Wash your canning jars, lids and bands, and canning tools with warm, soapy water and rinse well. Look the jars over carefully, and eliminate any with chips and cracks. Set lids and bands aside until you are ready to use them.

Place the canner on the stove and insert the canning rack. Set the jars in the canner, add water to cover, and simmer for 10 minutes (180˚F). Keep hot until you are ready to fill them.

Step 2: Prepare the Peppers

Weigh the peppers, and rinse well with plain water. Slice peppers in half, and remove the stems, seeds, and ribs.

Roast your peppers on a grill or under a broiler in the oven until the skins are wrinkled and charred. See: How to Roast and Peel Peppers.

To broil, place the peppers cut side down on on a parchment lined baking sheet and broil in a 400˚F oven until the skin blisters and separates from the flesh, about 8 minutes. Turn partway through to roast evenly.

Remove from the heat and place in a covered glass bowl to steam. While the peppers are cooling, prepare your marinating brine.

Once the peppers are cool enough to handle, remove the skins, and tear or cut the peppers into pieces or strips. Divide the roasted peppers evenly into piles to match the number of jars you are using.

charred roasted red peppers | peeled strips of roasted peppers

Step 3: Make the Marinating Brine

Heat about 1 tablespoon of the olive oil in a large saucepan over medium heat. Add the onions and garlic and sauté briefly until fragrant.

Add the remaining olive oil, vinegar, lemon juice, dried oregano, and sugar if using. Bring to a boil, and then reduce the heat to low, and keep warm until you are ready to use it.

Step 4: Fill the Jars and Process in a Water Bath Canner

Spread a kitchen towel on the counter. Use your jar lifter to remove a jar from canner, drain, and place on the towel. Keep the remaining jars in the canner so they stay hot.

Fill the jar with roasted peppers, leaving a 1/2-inch headspace. Give your marinating brine a good stir to be sure the oil is evenly distributed. Use your canning funnel and ladle to fill the jar about halfway with the brine.

Run your bubble popper through the jar to mix the peppers with the brine, and top off with more hot vinegar mixture leaving a 1/2-inch headspace. Run the bubble popper through the jars again to remove air bubbles, and adjust headspace if needed.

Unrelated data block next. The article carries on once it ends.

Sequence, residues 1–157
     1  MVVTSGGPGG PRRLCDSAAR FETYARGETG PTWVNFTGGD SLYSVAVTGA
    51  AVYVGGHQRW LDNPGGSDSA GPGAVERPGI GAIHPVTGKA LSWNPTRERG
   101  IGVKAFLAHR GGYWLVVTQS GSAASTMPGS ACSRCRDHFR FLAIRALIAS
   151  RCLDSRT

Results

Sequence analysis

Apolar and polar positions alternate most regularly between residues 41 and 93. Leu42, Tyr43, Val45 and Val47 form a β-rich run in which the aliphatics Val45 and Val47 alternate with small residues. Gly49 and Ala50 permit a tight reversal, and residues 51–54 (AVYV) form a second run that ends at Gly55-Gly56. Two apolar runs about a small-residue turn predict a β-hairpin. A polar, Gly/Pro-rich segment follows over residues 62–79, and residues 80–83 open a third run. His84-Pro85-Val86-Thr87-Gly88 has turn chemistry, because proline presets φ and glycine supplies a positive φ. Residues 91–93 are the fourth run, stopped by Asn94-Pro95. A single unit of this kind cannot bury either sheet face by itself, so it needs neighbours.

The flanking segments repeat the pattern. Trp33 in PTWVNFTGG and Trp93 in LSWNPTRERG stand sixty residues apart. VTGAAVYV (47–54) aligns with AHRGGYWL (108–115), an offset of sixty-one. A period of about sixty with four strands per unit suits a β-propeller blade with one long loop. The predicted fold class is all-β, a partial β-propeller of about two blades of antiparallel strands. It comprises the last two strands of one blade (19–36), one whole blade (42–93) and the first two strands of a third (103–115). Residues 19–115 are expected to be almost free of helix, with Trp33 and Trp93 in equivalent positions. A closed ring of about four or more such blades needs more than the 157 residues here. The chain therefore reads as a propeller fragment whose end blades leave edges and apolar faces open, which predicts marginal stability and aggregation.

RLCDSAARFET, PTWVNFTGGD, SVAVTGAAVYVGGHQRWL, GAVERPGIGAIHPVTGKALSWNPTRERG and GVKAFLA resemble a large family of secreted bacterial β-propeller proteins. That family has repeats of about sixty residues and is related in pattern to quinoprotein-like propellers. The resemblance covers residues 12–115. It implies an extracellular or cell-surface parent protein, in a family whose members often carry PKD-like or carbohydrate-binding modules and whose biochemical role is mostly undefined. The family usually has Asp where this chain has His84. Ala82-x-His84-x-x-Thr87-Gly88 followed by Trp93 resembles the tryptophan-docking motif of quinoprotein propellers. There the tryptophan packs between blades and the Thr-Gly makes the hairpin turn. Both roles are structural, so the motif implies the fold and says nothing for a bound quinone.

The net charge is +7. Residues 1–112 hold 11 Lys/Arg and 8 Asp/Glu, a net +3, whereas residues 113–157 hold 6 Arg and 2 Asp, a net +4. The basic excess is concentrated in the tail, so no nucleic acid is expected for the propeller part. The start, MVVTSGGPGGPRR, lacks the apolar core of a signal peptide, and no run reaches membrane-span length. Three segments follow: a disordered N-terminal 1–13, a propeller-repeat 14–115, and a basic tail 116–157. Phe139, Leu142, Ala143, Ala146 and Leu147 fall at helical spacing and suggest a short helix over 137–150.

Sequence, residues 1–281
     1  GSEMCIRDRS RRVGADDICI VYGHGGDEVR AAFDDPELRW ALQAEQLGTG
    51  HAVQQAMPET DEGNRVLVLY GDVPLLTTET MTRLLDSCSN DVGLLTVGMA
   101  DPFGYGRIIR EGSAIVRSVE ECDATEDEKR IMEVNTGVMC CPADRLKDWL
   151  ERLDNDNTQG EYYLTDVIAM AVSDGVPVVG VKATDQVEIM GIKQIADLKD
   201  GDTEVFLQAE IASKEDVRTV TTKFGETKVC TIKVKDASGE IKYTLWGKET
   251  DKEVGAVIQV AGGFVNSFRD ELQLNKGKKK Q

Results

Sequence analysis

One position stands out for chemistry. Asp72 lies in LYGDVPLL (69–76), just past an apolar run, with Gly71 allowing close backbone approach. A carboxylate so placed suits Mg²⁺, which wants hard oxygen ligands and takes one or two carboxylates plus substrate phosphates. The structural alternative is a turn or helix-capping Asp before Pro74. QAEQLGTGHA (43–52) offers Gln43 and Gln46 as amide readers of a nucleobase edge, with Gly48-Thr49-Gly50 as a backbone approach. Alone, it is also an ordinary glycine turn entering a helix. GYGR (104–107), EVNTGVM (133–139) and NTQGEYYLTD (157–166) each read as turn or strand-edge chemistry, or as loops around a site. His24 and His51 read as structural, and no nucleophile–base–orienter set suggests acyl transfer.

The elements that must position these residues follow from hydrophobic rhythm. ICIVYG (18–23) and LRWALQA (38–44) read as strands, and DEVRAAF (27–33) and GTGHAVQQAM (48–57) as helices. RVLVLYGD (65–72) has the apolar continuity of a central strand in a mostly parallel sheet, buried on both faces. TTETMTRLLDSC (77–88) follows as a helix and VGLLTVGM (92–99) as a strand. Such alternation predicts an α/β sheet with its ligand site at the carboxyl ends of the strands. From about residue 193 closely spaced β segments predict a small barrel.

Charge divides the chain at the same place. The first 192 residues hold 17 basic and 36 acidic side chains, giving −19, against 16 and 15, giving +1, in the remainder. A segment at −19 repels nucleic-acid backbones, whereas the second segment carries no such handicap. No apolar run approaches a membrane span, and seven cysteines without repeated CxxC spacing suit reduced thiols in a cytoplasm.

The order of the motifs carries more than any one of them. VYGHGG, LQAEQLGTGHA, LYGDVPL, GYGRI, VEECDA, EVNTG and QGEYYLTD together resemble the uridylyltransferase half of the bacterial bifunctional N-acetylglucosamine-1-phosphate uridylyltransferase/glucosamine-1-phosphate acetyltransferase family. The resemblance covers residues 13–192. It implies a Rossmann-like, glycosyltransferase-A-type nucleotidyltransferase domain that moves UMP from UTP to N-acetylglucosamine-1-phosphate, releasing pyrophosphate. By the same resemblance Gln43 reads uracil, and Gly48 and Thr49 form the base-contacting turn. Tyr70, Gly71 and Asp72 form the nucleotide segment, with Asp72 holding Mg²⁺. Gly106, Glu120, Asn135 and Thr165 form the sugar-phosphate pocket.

Wipe the rim with a damp towel to remove residue. Center a lid on the jar, place the band over the lid, and screw it on until fingertip tight. Place the jar back into the canner, and repeat with the rest of the jars.

Once the jars are in the canner, adjust the water level so it is covering the jars by two inches, bring the canner to a boil, and process the jars for the times indicated in the recipe below. Let the jars cool, test the seals, label and date the jars, and store in a cool, dark location for 12 to 18 months.

For best flavor, let the jars sit for at least 4 weeks before opening to allow the flavors to develop. Refrigerate after opening and use up within 2 weeks. Yields 8 half-pint or 4 pints.

overhead closeup photo of marinated red peppers in a jar
jar of roasted red peppers on a table
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5 from 1 vote

Marinated Roasted Red Peppers Canning Recipe

This marinated roasted red peppers canning recipe is made with sweet red peppers, roasted and preserved in a flavorful red wine vinegar olive oil marinade.
Course Pantry
Cuisine American
Keyword marinated roasted red peppers
Prep Time 30 minutes
Cook Time 20 minutes
Total Time 50 minutes
Servings 64 servings
Calories 33kcal
Author Grow a Good Life

Ingredients

Instructions

Prepare the canning equipment:

  • Wash your jars, lids, screw bands, and canning tools in hot soapy water. Rinse well to remove all suds. Set aside to air dry on a clean kitchen towel.
  • Place the jar rack into water bath canner, place jars in the canner, and add water to cover. Bring the canner to a simmer (180˚F) for 10 minutes, and keep the jars hot until you are ready to fill them.

Prepare your peppers:

  • Rinse peppers well under clean, running water. Cut each pepper in half, and remove the stems, seeds, and ribs.
  • Blister the skins of your peppers by grilling or broiling until the skins crack and separate from the flesh.
  • Remove the peppers from the heat and place in a covered glass bowl to steam.
  • Once the peppers are cool enough to handle, remove the skins, and tear or cut into pieces or strips. Divide the peeled roasted peppers evenly into piles to match the number of jars.

Make the marinating brine:

  • Heat about 1 tablespoon of the olive oil in a large saucepan over medium heat. Add the onions and garlic and sauté briefly until fragrant, about 2 minutes.